## Advances in Stochastic Geometry for Cellular Networks

##### Abstract

The mathematical modeling and performance analysis of cellular networks have seen a major paradigm shift with the application of stochastic geometry. The main purpose of stochastic geometry is to endow probability distributions on the locations of the base stations (BSs) and users in a network, which, in turn, provides an analytical handle on the performance evaluation of cellular networks. To preserve the tractability of analysis, the common practice is to assume complete spatial randomness} of the network topology. In other words, the locations of users and BSs are modeled as independent homogeneous Poisson point processes (PPPs). Despite its usefulness, the PPP-based network models fail to capture any spatial coupling between the users and BSs which is dominant in a multi-tier cellular network (also known as the heterogeneous cellular networks (HetNets)) consisting of macro and small cells. For instance, the users tend to form hotspots or clusters at certain locations and the small cell BSs (SBSs) are deployed at higher densities at these locations of the hotspots in order to cater to the high data demand. Such user-centric deployments naturally couple the locations of the users and SBSs. On the other hand, these spatial couplings are at the heart of the spatial models used in industry for the system-level simulations and standardization purposes. This dissertation proposes fundamentally new spatial models based on stochastic geometry which closely emulate these spatial couplings and are conductive for a more realistic and fine-tuned performance analysis, optimization, and design of cellular networks.
First, this dissertation proposes a new class of spatial models for HetNets where the locations of the BSs and users are assumed to be distributed as Poisson cluster process (PCP). From the modeling perspective, the proposed models can capture different spatial couplings in a network topology such as the user hotspots and user BS coupling occurring due to the user-centric deployment of the SBSs. The PCP-based model is a generalization of the state-of-the-art PPP-based HetNet model. This is because the model reduces to the PPP-based model once all spatial couplings in the network are ignored. From the stochastic geometry perspective, we have made contributions in deriving the fundamental distribution properties of PCP, such as the distance distributions and sum-product functionals, which are instrumental for the performance characterization of the HetNets, such as coverage and rate.
The focus on more refined spatial models for small cells and users brings to the second direction of the dissertation, which is modeling and analysis of HetNets with millimeter wave (mm-wave) integrated access and backhaul (IAB), an emerging design concept of the fifth generation (5G) cellular networks. While the concepts of network densification with small cells have emerged in the fourth generation (4G) era, the small cells can be realistically deployed with IAB since it solves the problem of high capacity wired backhaul of SBSs by replacing the last-mile fibers with mm-wave links. We have proposed new stochastic geometry-based models for the performance analysis of IAB-enabled HetNets. Our analysis reveals some interesting system-design insights: (1) the IAB HetNets can support a maximum number of users beyond which the data rate drops below the rate of a single-tier macro-only network, and (2) there exists a saturation point of SBS density beyond which no rate gain is observed with the addition of more SBSs.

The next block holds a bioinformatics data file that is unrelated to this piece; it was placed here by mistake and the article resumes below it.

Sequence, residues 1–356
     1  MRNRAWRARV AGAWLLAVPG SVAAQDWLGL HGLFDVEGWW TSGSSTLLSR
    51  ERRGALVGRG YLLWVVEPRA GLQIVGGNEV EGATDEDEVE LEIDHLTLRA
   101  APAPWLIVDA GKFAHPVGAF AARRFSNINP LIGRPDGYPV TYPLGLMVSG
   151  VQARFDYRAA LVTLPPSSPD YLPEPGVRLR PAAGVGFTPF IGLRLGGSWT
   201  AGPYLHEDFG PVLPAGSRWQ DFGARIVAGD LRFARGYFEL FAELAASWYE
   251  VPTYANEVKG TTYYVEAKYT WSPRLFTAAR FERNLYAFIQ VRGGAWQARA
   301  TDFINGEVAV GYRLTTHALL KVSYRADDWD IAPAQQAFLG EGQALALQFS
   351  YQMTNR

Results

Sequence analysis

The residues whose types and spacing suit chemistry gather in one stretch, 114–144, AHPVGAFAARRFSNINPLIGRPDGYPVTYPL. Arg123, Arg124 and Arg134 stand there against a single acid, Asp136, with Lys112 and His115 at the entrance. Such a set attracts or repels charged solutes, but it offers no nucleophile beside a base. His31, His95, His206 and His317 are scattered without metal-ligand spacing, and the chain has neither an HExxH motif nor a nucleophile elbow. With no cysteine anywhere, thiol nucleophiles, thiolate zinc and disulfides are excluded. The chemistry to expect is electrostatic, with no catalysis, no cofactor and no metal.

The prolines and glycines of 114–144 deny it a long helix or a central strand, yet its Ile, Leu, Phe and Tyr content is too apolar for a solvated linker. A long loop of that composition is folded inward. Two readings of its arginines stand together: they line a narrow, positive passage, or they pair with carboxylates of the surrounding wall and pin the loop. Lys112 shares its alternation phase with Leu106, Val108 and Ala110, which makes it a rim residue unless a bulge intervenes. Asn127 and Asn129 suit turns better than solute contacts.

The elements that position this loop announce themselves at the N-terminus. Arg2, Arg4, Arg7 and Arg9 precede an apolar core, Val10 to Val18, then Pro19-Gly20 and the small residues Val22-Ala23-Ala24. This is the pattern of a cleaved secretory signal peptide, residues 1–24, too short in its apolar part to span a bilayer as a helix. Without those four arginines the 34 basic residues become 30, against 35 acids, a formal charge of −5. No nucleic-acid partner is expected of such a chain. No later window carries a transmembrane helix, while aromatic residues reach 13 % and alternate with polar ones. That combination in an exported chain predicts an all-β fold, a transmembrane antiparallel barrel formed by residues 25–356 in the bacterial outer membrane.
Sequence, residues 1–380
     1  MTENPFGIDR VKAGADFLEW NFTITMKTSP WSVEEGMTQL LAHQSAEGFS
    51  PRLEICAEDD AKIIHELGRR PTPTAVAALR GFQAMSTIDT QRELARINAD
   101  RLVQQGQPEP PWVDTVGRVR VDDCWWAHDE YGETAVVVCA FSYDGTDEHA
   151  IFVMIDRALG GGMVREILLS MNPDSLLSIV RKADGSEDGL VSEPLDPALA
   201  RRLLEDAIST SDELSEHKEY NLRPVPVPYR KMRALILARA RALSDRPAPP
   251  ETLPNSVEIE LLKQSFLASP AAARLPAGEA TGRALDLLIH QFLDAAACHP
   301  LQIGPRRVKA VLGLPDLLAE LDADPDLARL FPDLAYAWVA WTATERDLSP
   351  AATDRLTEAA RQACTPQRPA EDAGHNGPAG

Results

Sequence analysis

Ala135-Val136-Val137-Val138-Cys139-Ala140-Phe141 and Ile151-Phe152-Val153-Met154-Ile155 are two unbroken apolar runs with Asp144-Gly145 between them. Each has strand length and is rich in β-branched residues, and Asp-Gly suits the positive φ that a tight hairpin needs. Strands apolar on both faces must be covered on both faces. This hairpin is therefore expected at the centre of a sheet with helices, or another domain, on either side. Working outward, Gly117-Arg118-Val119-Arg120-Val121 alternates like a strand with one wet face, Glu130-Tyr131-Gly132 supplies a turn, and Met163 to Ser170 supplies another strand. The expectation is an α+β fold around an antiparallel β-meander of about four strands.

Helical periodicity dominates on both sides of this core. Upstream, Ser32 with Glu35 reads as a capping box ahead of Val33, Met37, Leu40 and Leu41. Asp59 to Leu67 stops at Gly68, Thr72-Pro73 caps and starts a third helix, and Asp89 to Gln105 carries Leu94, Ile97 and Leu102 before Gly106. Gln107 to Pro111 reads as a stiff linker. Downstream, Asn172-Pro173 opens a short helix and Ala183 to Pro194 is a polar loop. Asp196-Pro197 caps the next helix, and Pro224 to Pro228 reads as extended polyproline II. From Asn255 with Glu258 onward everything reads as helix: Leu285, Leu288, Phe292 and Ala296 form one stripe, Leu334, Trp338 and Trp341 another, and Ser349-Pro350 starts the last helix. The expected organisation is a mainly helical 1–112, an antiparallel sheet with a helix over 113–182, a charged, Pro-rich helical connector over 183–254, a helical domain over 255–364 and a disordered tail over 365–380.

The third and final direction of this dissertation is the combination of machine learning and stochastic geometry to construct a new class of data driven network models which can be used in the performance optimization and design of a network. As a concrete example, we investigate the classical problem of wireless link scheduling where the objective is to choose an optimal subset of simultaneously active transmitters (Tx-s) from a ground set of Tx-s which will maximize the network-wide sum-rate. Since the optimization problem is NP-hard, we replace the computationally expensive heuristic by inferring the point patterns of the active Tx-s in the optimal subset after training a determinantal point process (DPP). Our investigations demonstrate that the DPP is able to learn the spatial interactions of the Tx-s in the optimal subset and gives a reasonably accurate estimate of the optimal subset for any new ground set of Tx-s.

##### General Audience Abstract

The high speed global cellular communication network is one of the most important technologies, and it continues to evolve rapidly with every new generation. This evolution greatly depends on observing performance-trends of the emerging technologies on the network models through extensive system-level simulations. Since these simulation models are extremely time-consuming and error prone, the complementary analytical models of cellular networks have been an area of active research for a long time. These analytical models are intended to provide crisp insights on the network behavior such as the dependence of network performance metrics (such as coverage or rate) on key system-level parameters (such as transmission powers, base station (BS) density) which serve as the prior knowledge for more fine-tuned simulations. Over the last decade, the analytical modeling of the cellular networks has been driven by stochastic geometry. The main purpose of stochastic geometry is to endow the locations of the base stations (BSs) and users with probability distributions and then leverage the properties of these distributions to average out the spatial randomness. This process of spatial averaging allows us to derive the analytical expressions of the system-level performance metrics despite the presence of a large number of random variables (such as BS and user locations, channel gains) under some reasonable assumptions.